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  • Writer's pictureMaria Alda Gomez Otero

How to know if you are experiencing domestic abuse

Recognising an #domesticabuse is crucial, yet often challenging, as abuse manifests in many forms beyond the physical. It's important to understand that abuse can be emotional, psychological, financial, or sexual, and sometimes a subtle combination of these. This article aims to shed light on the various facets of abuse in relationships, providing insights into identifying its signs. Understanding what constitutes domestic abuse is the first step towards seeking help and reclaiming control of your life. Remember, abuse is never justified, and everyone deserves a relationship based on respect and safety.

domestic abuse

Understanding Abuse

Abuse in a relationship goes beyond physical violence; it's a pattern of behaviours used by one partner to maintain power and control over another. Types of abuse include physical, emotional, psychological, financial, and sexual. #Physicalabuse is often the most visible, involving any act that inflicts physical harm. Emotional and psychological abuse, however, can be more insidious, involving tactics like #gaslighting, #belittling, and isolation that damage self-esteem and mental health. Financial abuse occurs when one partner exerts control over the other’s financial resources, limiting their independence. Sexual abuse in relationships involves any form of non-consensual sexual activity or coercion. Misconceptions about abuse often include beliefs that it only happens in certain demographics or that it’s always physical. Understanding the broad spectrum of abusive behaviours is essential to recognising them in a relationship. Here are four types of common forms of domestic abuse:

1. Physical Abuse

Physical abuse is the most overt form of domestic abuse and involves any action that inflicts physical harm, whether hitting, slapping, pushing, or more subtle forms like denying medical care. The signs can range from visible injuries like bruises, scars, or broken bones to less apparent symptoms like rough handling or making someone purposefully uncomfortable. Abusers may also use physical intimidation, such as standing too close or blocking exits, to assert control. It’s important to note that the abuse is not always constant; it can occur as isolated incidents that gradually escalate over time. Victims may try to cover up injuries or offer unconvincing explanations for their occurrence. Recognising the abuse is vital because it can quickly escalate in severity and poses an immediate risk to the victim’s safety.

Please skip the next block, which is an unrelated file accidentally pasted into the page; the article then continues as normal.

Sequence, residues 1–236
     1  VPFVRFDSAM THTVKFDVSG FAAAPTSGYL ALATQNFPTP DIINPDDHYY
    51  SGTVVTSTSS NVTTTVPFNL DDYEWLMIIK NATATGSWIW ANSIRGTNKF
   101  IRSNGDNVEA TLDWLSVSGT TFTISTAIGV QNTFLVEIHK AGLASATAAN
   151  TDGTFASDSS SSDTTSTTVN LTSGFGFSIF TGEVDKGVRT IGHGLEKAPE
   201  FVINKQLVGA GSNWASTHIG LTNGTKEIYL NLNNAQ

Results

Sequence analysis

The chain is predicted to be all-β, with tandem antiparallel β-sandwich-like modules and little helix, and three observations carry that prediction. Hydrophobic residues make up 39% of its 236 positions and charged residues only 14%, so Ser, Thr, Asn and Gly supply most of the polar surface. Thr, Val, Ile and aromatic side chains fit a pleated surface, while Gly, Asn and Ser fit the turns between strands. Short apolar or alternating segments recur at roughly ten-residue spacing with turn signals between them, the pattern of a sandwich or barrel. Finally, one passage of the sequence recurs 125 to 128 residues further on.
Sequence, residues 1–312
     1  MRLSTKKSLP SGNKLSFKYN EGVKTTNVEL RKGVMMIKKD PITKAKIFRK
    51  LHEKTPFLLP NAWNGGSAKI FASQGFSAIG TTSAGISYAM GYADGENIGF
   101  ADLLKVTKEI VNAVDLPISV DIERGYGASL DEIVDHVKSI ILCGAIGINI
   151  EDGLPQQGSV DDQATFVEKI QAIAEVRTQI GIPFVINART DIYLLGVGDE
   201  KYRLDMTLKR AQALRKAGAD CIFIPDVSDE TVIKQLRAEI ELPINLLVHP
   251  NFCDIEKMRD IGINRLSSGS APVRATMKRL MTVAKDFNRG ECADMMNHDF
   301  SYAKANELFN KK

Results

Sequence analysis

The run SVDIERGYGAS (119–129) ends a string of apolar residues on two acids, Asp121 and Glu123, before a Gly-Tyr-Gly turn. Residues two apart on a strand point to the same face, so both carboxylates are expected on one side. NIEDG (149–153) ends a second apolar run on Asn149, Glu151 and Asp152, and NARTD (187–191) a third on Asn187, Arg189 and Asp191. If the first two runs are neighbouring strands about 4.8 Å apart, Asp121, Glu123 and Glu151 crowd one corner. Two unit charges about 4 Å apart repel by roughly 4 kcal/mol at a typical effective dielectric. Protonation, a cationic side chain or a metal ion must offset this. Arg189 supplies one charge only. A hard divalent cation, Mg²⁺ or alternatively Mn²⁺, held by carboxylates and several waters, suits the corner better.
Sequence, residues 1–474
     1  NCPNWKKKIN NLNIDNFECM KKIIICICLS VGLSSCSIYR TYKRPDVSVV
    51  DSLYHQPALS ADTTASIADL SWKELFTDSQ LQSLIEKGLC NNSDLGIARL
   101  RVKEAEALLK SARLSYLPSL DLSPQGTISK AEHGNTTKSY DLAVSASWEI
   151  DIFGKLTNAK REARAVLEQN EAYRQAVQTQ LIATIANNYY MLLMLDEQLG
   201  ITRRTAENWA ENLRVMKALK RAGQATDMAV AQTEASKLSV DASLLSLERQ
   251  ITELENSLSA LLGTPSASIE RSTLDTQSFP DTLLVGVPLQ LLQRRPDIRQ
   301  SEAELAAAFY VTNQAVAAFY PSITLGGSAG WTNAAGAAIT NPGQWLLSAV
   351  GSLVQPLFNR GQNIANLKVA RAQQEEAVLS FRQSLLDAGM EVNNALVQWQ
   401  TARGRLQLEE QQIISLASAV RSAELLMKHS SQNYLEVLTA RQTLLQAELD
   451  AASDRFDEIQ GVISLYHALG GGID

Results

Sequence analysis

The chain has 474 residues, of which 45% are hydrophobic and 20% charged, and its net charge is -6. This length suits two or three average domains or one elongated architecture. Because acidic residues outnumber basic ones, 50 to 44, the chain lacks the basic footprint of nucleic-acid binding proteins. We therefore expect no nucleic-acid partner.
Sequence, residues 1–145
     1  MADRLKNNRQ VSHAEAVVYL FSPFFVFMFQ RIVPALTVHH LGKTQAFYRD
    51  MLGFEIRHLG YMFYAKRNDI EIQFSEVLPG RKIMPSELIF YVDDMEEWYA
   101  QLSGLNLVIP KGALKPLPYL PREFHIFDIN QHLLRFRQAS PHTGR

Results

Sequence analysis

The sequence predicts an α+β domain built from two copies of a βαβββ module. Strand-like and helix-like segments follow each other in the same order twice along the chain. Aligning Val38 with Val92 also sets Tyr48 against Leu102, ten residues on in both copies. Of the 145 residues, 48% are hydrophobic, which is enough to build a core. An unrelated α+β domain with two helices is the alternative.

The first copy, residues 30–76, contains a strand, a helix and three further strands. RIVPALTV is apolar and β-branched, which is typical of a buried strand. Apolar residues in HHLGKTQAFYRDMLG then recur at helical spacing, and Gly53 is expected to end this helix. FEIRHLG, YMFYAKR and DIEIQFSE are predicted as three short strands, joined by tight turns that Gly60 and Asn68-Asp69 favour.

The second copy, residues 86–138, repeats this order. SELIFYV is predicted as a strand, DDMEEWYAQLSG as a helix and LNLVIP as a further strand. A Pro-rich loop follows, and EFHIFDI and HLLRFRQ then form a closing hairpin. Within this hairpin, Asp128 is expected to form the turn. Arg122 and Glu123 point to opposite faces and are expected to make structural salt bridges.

2. Emotional and Psychological Abuse

#Emotionalandpsychologicalabuse can be more difficult to identify than physical abuse, as it leaves no visible marks. However, its impact on mental health is profound. This form of domestic abuse involves a pattern of behaviour that undermines the victim’s sense of self-worth and security, often including verbal attacks, constant criticism, humiliation, intimidation, and gaslighting. Gaslighting, a particularly insidious tactic, involves manipulating the victim into doubting their own memory or sanity. Other signs include isolating the victim from friends and family, #extremejealousy, and threats. Over time, victims of emotional and psychological abuse may experience decreased self-esteem, anxiety, depression, and a sense of helplessness. Acknowledging these signs is crucial, as emotional and psychological abuse can be damaging, leading to long-term emotional scars.

3. Financial Abuse: The Silent Controller

#Financialabuse is a less recognised but equally destructive form of domestic abuse. It occurs when one partner exerts control over the other’s financial resources, limiting their ability to use, acquire, and maintain financial assets. Signs of financial abuse include one partner taking control over bank accounts, withholding access to money, or restricting how and when money is spent. The abuser might also forbid the victim from working or sabotage their employment efforts, leading to financial dependence. In some cases, financial abusers accumulate debt in the victim’s name or engage in other forms of economic manipulation. This form of abuse traps victims in the relationship, as they lack the financial means to leave. Understanding and identifying financial abuse is essential for victims to regain financial independence and seek appropriate help.